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The high-tech brands people know

Forrester Research has come out with a technology brand scorecard. The results may be suprising

If famiarity breeds contempt, from the sound of a survey conducted last fall among 4,700 adults in the U.S., people are really familiar with technology vendors.

Forrester Research’s 2005 Technology Brand Scorecard presented 22 brands and asked for consumers’ level of trust in each.

The most trusted companies were Bose, Dell, Sony, Panasonic and Hewlett-Packard. Toshiba, Hitachi, Microsoft, Gateway and LG were at the bottom of the heap.

The only companies whose trust level increased since 2003 were Apple and TiVo. Interestingly, though, Forrester noted that people increasingly do not associate the Apple brand with its wildly successful iPod.

Forrester believes trust erodes as technolgies move into the mainstream, where they are bought by price-conscious consumers with little brand loyalty.

“Trust is a powerful way to measure a brand’s value and its ability to command a premium price or drive consumers into a higher-profit direct channel,” said Forrester vice-president Ted Schadler. “A decline in trust causes brand erosion and price-driven purchase decisions, which in turn correlates with low market growth.”

This begs the question of what causes a decline in trust, and why companies can be the least trusted, but have the highest market share in a category.

Will people buy from untrusted companies if the price is right, figuring that the product is cheap enough to be disposable if it’s no good? Do they buy because it’s the only game in town?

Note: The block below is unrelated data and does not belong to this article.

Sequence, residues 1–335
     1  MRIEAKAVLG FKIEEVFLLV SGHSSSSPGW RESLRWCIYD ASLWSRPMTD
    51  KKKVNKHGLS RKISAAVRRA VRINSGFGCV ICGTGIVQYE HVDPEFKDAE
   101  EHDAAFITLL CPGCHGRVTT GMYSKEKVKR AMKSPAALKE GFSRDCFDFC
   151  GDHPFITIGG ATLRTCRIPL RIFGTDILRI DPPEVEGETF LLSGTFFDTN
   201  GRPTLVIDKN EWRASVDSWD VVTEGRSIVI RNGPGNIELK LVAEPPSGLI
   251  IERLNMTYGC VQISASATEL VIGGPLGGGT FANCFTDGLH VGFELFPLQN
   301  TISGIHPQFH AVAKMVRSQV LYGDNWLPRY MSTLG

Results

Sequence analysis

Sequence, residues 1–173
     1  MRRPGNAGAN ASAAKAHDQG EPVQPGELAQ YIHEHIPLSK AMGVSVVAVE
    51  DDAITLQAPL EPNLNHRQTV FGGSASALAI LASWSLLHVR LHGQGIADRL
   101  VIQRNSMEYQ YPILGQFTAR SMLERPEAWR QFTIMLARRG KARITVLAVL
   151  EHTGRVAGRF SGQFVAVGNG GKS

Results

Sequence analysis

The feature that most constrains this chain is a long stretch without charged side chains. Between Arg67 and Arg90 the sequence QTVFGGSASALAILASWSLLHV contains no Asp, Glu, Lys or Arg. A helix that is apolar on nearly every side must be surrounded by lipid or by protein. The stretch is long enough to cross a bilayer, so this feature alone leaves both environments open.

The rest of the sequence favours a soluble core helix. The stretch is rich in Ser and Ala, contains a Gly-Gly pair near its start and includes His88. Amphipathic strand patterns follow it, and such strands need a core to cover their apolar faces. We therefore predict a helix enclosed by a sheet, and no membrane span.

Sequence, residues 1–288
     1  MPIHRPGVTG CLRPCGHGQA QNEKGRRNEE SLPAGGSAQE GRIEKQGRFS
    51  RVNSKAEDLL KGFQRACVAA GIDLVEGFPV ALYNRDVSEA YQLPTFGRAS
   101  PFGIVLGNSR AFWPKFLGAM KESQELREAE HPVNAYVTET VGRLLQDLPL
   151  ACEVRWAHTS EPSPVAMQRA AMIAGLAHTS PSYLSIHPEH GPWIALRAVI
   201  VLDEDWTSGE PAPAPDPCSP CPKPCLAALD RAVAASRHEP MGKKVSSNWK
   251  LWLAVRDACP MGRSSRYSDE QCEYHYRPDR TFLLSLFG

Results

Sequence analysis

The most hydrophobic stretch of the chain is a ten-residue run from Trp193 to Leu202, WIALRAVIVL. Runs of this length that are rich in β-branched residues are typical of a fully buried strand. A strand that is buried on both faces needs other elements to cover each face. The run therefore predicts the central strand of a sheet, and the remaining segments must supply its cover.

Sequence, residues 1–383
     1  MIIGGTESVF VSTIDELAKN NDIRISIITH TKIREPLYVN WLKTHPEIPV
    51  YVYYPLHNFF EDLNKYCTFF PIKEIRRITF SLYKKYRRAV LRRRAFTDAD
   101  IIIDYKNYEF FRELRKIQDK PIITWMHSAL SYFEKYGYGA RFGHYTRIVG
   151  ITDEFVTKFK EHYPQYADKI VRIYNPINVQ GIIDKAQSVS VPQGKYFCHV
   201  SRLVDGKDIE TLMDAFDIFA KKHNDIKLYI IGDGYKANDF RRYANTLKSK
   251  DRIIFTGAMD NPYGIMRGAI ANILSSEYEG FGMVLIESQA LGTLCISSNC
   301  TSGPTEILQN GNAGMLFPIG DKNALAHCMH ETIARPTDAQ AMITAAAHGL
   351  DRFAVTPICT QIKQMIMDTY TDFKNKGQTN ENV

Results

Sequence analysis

Forrester didn’t ask respondents for the reasons for their ratings, leaving a lot of questions. What products do people think of when a company name is mentioned? Is HP trusted because of its printers, or across its entire product line? Is Microsoft not trusted only when people consider operating systems? When they think of gaming products or keyboards or mice have they a different opinion?

Apple seems to have a disconnect between its company name and the iPod, which Forrester suggests means that the enthusiasm for the product probably won’t spill over into increased Macintosh sales. That is unfortunate for the Mac, as it turns out, but that sort of crossover is a two-edged sword; if the iPod had been a dud, it wouldn’t have reflected on other Apple products.

Manufacturers place great stock in the value of their brand names. Customers may not know a company name, but they associate its brand names with good or bad experiences. That’s why, when some companies change direction, they change names as well.

If they’re lucky, customers won’t figure it out.

Brand trust may be tied to trust in a reseller as well. If a customer has faith in a vendor, and that vendor recommends a particular brand, the customer is apt to buy it and be firmly convinced it’s the best product available, because a trusted partner recommended it (of course, being steered in the wrong direction a few times can erode faith in both brand and reseller).

Trust is not only a way to measure a brand’s value to its manufacturer, it’s a way to measure a reseller’s value to its customers.